Here is the process:
1) Load (in Gimp) the reference image, typically, the left image of a stereo pair.
2) Load (as a layer) the depth map that needs to be edited.
3) Erase the input depth map in places where the depths do not appear to be correct.
4) If, for at least one area that's been erased, there is a depth discontinuity in the reference image, create a new layer and draw along the discontinuities using the pencil tool (size = 1 pixel). What you are doing is drawing a so-called "edge image".
4) Export the reference image as "content_image.png".
5) Export the partially erased input depth map as "sparse_depthmap_rgba_image.png".
6) Export the edge image as "edge_rgba_image.png". If there was no need to draw an edge image, then do nothing in this step.
7) Run the3dconverter2.
Here is an example:
Partially erased depth map aka "sparse_depthmap_rgba_image.png". Pure white pixels are actually transparent.
Note that I could have done a much better job erasing stuff on the right side (upper right, to be precise) as I clearly missed a few pixels. No big deal but it's gonna show up in the output depth map. If you are a perfectionist, you should really erase them.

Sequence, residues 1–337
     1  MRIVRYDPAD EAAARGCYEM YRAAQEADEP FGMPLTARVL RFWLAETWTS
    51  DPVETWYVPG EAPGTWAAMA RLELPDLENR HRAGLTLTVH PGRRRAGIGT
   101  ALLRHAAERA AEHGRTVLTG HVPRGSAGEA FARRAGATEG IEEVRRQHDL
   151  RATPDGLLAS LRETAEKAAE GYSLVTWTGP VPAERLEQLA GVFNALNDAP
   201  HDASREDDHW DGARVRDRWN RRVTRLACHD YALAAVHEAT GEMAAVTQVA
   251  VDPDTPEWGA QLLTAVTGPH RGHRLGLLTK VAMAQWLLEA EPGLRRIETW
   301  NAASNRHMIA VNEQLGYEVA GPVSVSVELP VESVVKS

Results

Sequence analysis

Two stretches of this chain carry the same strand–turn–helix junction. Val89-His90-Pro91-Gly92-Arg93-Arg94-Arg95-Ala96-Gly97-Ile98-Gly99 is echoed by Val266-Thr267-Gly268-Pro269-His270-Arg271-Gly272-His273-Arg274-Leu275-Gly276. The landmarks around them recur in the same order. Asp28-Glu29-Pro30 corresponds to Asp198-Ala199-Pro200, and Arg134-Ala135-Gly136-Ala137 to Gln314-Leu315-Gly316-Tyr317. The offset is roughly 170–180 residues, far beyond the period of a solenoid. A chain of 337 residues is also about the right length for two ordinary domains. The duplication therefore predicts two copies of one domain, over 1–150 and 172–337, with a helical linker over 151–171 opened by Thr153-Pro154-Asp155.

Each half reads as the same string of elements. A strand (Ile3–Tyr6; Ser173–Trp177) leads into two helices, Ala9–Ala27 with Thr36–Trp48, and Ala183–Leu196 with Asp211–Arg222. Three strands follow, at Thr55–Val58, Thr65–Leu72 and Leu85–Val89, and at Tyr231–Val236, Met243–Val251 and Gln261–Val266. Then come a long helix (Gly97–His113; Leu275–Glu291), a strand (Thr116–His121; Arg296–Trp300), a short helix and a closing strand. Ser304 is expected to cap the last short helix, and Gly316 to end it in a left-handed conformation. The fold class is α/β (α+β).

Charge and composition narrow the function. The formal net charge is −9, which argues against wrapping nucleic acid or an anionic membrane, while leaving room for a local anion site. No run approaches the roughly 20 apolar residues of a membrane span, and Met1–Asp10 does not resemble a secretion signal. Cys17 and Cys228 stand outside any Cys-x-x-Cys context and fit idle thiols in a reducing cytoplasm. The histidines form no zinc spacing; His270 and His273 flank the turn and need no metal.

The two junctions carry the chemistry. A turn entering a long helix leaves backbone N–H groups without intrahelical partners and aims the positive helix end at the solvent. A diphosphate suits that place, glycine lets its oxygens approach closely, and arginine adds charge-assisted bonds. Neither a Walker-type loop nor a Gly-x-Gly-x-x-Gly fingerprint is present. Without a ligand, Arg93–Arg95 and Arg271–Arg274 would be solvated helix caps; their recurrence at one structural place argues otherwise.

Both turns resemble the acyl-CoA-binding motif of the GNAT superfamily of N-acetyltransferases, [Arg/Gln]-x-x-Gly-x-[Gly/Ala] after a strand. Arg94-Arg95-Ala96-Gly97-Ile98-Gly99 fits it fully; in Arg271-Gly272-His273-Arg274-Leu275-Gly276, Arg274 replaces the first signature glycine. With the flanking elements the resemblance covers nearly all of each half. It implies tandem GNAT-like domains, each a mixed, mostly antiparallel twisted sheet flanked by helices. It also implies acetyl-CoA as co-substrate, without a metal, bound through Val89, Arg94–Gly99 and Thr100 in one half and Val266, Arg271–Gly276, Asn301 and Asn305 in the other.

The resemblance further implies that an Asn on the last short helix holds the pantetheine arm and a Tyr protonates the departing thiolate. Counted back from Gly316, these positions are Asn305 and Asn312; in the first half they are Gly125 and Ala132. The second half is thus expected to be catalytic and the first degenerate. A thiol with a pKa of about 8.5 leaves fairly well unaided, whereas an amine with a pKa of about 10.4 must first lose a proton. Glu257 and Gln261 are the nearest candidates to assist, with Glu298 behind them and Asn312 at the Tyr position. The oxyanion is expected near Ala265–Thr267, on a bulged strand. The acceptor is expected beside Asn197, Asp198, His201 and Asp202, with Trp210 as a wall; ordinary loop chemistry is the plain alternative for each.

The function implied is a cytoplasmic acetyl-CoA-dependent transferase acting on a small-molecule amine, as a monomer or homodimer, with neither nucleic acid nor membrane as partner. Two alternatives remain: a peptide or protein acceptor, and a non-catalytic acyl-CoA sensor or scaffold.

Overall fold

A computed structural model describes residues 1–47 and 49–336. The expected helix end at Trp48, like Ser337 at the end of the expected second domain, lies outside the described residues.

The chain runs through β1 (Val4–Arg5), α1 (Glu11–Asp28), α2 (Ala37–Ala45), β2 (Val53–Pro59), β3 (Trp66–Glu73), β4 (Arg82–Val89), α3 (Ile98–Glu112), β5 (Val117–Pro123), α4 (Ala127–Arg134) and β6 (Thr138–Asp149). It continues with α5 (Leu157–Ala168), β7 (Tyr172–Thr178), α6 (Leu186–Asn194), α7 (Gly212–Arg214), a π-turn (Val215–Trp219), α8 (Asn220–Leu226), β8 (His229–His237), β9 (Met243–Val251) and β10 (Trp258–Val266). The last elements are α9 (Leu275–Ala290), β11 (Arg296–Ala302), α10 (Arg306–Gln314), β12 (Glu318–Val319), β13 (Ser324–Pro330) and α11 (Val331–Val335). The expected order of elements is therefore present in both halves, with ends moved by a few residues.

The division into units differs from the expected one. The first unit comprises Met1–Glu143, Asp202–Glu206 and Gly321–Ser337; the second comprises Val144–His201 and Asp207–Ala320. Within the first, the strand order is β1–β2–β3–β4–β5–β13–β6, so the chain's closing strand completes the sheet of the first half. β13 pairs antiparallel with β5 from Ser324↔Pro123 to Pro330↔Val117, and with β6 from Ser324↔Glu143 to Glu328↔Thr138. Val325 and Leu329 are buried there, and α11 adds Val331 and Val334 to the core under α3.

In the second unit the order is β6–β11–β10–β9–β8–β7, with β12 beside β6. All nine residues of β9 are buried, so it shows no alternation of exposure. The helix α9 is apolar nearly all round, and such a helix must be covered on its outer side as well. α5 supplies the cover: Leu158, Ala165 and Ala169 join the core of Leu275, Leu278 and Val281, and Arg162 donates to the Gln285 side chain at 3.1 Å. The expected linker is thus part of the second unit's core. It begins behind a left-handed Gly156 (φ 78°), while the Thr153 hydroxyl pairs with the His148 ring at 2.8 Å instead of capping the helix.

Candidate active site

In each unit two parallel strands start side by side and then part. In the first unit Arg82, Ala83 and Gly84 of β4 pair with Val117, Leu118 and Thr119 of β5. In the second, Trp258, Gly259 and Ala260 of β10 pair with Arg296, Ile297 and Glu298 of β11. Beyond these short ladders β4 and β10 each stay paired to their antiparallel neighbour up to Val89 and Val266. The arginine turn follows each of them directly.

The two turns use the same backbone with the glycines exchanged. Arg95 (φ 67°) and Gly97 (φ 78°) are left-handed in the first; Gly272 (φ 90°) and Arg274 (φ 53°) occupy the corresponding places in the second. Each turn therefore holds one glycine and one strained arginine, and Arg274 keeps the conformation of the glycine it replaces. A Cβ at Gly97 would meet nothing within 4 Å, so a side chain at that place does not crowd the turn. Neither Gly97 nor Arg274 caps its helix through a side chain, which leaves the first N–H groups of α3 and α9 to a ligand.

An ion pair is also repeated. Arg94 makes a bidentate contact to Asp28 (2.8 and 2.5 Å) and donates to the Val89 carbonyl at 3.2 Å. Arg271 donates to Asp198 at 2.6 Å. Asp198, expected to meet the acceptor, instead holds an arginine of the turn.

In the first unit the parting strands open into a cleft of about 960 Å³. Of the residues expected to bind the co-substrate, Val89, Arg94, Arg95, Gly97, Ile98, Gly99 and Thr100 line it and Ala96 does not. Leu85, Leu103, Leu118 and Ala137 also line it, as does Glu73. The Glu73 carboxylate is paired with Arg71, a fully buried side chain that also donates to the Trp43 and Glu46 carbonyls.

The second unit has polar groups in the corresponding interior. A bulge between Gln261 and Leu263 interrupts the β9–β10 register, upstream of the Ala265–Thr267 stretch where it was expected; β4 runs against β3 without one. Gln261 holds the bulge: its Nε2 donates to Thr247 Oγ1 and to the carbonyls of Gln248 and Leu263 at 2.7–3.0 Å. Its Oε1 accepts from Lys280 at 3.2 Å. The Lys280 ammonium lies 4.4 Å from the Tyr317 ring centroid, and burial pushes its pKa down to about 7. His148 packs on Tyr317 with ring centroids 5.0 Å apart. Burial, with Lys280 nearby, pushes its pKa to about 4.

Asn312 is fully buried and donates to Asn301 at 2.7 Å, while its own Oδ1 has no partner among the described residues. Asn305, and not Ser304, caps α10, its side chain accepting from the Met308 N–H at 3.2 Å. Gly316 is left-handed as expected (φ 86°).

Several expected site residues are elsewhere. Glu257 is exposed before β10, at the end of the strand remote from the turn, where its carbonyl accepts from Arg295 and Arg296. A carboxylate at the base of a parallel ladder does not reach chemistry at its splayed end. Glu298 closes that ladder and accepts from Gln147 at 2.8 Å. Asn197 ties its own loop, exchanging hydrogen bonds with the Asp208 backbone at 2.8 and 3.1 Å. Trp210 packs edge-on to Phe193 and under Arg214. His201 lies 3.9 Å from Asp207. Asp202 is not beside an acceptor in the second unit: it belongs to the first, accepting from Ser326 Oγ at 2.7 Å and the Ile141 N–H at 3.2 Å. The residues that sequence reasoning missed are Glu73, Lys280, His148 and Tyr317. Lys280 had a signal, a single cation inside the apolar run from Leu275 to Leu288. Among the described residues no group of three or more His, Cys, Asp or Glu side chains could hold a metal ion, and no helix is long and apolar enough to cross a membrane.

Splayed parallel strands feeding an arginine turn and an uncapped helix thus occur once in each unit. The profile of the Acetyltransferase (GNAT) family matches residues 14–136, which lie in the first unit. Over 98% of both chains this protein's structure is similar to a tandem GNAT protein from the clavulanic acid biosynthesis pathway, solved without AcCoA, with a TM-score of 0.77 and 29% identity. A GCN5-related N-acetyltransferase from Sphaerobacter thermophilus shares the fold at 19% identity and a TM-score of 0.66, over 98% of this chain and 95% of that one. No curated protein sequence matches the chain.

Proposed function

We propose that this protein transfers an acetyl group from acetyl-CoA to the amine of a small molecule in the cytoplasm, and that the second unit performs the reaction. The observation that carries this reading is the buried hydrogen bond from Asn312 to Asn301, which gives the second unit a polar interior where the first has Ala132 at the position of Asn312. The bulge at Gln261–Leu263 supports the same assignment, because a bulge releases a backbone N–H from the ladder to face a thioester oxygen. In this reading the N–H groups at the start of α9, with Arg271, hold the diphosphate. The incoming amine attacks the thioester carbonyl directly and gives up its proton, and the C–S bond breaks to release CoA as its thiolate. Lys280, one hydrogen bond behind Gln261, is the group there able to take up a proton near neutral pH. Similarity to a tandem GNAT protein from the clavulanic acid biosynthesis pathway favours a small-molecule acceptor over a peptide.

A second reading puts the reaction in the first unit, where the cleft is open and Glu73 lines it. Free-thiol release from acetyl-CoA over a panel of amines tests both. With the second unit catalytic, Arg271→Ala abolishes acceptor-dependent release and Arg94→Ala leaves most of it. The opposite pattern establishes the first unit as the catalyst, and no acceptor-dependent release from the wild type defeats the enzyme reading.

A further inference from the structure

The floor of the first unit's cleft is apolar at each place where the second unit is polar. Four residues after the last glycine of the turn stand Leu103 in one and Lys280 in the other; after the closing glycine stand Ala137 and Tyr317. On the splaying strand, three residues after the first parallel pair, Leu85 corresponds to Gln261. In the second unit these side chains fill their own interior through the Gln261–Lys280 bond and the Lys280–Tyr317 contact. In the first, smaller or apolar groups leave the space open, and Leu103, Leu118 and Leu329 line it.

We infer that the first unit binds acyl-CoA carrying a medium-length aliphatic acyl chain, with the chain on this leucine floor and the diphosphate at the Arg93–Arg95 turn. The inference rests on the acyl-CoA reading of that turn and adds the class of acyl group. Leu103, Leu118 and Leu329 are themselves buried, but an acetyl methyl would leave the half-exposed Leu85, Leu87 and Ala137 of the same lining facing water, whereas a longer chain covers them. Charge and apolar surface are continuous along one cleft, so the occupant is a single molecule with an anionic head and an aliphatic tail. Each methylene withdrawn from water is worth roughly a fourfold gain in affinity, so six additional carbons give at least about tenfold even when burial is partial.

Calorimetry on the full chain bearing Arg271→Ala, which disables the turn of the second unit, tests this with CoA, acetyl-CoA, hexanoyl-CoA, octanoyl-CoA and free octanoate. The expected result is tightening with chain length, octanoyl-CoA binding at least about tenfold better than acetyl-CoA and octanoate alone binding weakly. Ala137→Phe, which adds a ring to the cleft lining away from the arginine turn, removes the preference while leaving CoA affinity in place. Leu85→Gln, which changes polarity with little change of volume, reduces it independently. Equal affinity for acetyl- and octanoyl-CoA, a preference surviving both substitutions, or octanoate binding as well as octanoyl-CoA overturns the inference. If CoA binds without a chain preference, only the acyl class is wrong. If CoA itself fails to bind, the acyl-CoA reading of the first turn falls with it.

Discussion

Here, I simply draw along what looks like a paddle since the paddle is clearly not at the same depth as the background. That's what I mean by depth discontinuity. You only need to draw within the confines of what's been erased in the input depth map, nothing more.
Remember those dark pixels I didn't erase on the right side (upper right) of the input depth map... I told you they would show up.
Here is a video tutorial that shows how the3dconverter2 can be used to edit depths maps:
Here is another video tutorial about the3dconverter2 but more in the context of 2d to 3d image conversion: